Video of the Week: “Fast-Walking”

EDITOR’S NOTE 10/11/12: Has been removed by the user. Sorry about that.

Speaking of Fast-Walking (1982), here it is in its entirety! Not sure how this has managed to stay on YouTube for so long. Enjoy it before it gets taken down! Timothy first appears about 30 minutes in.

Fast-Walking was directed by James B. Harris, the man who fired Tim from Paths of Glory (1957). It also stars the late great Susan Tyrrell, James Woods, Kay Lenz, Tim McIntire, Robert Hooks and M. Emmet Walsh. It’s kind of sleazy but features some great performances. Check it out!

Susan Tyrrell 1945 – 2012

I was very saddened to learn of the death yesterday of actor Susan Tyrrell. Like Timothy, she was a free spirit who could not be put in a box. Her only film with Tim was Fast-Walking (1982). Regretfully, they did not appear onscreen together. Our pic of the day nonetheless is from that film and is dedicated to her. Here Timothy’s junkie convict Bullet is being summoned to a meeting with Wasco (Tim McIntire) by Squeeze (John Friedrich).

There is a wonderful interview with Tyrrell in the same issue of Psychotronic Video magazine (#6, Summer 1990) that has the interview with Timothy. She will always be Queen Doris of the Sixth Dimension to me.  Rest well, Susu.

Pic of the Day: “Fast-Walking” revisited

Our pic for today revisits the prison drama Fast-Walking (1982), directed by James B. Harris, the man who fired Tim from Paths of Glory (1957). Wasco (Tim McIntire) is attempting to get Bullet (our Tim) in on his new drug-dealing scheme.

Interesting to see Tim, a complete teetotaler, playing a junkie here, while McIntire, playing a man who “never touches the stuff” (he’s only in it for the money), struggled mightily with drugs and alcohol for years. His demons finally killed him at the age of 41, four years after this film was made.

New addition to Tim’s filmography!

A special treat for the last day of the year! Today’s guest blogger is my awesome husband Byron Caloz. He has a keen interest in lost and/or previously undiscovered films and TV shows. He recently made an exciting discovery and wants to share it with you. Take it away, Byron!

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A new addition is now confirmed for Timothy Carey’s filmography/videography: Two episodes in the first broadcast season of Gang Busters! Alas, most of the episodes from the first season are not on DVD. They were filmed so it is possible they exist somewhere, but at least we know which episodes are his (we had heard from Romeo Carey, Tim’s son, that Tim had told him he was on Gang Busters).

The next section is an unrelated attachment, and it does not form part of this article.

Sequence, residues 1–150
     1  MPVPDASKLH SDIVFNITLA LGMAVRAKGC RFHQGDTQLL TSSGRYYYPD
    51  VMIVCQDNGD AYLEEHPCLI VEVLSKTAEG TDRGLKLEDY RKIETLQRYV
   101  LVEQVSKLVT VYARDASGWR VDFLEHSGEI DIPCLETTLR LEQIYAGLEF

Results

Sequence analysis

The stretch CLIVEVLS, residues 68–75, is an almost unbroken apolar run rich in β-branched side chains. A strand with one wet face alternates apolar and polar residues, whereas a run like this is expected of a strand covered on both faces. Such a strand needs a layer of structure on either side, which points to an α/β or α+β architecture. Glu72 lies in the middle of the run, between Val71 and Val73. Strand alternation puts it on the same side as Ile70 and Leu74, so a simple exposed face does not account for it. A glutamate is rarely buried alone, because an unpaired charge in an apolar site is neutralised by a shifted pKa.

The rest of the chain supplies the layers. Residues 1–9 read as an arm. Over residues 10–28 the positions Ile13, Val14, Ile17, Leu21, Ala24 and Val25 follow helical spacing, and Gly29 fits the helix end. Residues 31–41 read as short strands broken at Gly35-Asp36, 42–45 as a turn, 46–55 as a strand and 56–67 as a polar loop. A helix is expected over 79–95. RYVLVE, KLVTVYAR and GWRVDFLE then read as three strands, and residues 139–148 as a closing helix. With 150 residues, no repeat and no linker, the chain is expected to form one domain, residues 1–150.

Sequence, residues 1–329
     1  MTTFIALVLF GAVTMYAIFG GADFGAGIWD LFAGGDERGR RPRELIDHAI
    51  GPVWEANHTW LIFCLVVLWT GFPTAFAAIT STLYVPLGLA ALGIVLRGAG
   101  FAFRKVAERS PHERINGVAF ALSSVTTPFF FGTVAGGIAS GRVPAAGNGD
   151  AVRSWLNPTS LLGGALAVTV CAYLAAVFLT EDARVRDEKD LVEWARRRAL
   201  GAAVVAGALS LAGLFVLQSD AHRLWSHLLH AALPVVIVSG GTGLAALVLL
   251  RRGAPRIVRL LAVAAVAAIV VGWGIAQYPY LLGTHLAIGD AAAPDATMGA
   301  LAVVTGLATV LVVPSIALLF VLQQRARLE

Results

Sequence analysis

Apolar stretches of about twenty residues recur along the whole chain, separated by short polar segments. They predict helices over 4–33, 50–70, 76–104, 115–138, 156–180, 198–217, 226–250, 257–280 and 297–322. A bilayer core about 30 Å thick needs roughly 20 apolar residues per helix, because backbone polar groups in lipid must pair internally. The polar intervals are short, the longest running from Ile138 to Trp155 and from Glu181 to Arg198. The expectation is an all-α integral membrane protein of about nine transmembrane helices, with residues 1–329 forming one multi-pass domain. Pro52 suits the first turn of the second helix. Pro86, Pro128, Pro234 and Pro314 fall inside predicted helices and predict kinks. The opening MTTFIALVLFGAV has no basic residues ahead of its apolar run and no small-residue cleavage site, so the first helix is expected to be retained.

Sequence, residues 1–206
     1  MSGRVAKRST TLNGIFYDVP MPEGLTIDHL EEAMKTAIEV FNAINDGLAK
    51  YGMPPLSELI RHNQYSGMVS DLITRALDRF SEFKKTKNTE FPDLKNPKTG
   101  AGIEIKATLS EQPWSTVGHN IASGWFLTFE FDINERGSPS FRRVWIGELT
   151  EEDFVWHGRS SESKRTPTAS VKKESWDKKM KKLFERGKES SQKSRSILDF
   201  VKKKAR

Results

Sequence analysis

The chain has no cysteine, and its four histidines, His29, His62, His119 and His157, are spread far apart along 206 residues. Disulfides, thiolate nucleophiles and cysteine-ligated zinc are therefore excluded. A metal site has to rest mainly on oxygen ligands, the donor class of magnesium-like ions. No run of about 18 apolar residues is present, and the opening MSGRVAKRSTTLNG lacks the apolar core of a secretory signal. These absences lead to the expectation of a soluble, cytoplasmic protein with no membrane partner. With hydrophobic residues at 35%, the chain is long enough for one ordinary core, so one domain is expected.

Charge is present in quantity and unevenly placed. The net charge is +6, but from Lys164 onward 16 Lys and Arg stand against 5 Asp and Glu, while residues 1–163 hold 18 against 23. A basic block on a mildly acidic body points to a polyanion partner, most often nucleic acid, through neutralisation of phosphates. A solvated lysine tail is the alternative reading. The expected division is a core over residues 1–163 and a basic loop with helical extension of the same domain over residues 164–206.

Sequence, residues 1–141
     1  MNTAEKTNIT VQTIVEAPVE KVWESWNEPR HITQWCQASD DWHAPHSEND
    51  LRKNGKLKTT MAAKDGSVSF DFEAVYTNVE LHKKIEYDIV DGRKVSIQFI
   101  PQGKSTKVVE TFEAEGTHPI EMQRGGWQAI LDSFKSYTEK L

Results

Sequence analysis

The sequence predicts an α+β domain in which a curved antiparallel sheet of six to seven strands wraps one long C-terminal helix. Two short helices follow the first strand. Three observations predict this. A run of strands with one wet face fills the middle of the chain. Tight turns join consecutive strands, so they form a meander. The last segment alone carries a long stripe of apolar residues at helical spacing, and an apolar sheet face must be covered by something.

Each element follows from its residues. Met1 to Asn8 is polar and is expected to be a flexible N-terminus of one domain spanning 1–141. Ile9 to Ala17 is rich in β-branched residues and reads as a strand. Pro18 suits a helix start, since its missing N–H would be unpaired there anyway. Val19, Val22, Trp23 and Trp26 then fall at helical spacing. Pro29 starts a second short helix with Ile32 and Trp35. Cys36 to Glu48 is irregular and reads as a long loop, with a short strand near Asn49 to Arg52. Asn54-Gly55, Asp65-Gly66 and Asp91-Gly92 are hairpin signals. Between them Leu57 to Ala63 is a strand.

Tim Carey appeared as the character Legenza in “The Tri-State Gang” which was broadcast as part 1 on  November 9, 1952 on NBC, and then part 2 on Nov. 27, 1952 (Gang Busters was broadcast at the same time and day but on alternate weeks with the original Dragnet television series). Interestingly, the two part episode was not filmed as all one production and then split, but rather was filmed as two separate productions, part 2 first as production 12, then part 1 as production 15; both directed by George Habib.

This information came from the superbly researched book by Martin Grams, Jr. titled Gang Busters: The Crime Fighters of American Broadcasting. While the cast list is available, there is no plot summation, but Legenza is clearly the gang leader and the F.B.I. investigator on his tail is Agent Hibbs, played by Larry Dobkin.

Here is the original plot which was first used for the radio on Sept. 14, 1935 for the pre-cursor series to Gang Busters: G-Men. Walter Legenza and Robert Mais shot their way to freedom while being transported from a jail to see their attorney. They shot two guards and a police officer and the police officer died. Later the two with their gang robbed a bank but police caught up with them and soon captured them.

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On that note, all of us here at The Timothy Carey Experience (that is, Byron and myself) wish all of you a healthy, happy and prosperous New Year! Here’s hoping you tackle whatever problems come your way with the same sense of triumph and love of life that Timothy displays in this promotional shot from Fast-Walking (1982). For Auld Lang Syne, everybody!

Pic of the Day: “Fast-Walking”

Our pic of the day is from one of Tim’s final feature films, Fast-Walking (1982), directed by James B. Harris, the co-producer of Paths of Glory and the man who fired Tim from that film. Tim plays a convict by the name of Bullet, a junkie who smells bad, at least according to Wasco (Tim McIntire).

I am not a huge fan of this rather sleazy film (although McIntire’s monologue listing every illegal drug known to man, and probably a few that aren’t, is, as previously noted, amazing). I can’t help thinking that it’s Harris’ revenge on Tim for Paths. However, Bullet is a memorable character (dig the eyebrows), as if we expected anything less from our Tim.

Video of the Week: “Fast-Walking”

EDITOR’S NOTE 10/11/12: Blocked for copyright infringement. Sorry about that, folks.

Our video for this week features Tim with another Tim – McIntire, that is – in a scene from Fast-Walking (1982), the rather sleazy prison drama directed by James B. Harris, the co-producer of Paths of Glory (1957) and the man who fired Tim from that film (after all his scenes were in the can, I’m happy to add).

In this scene Tim McIntire delivers what is truly one of the greatest monologues in film history. He died four years after this film was made, at the age of 41, drugs and alcohol having taken their toll on his heart.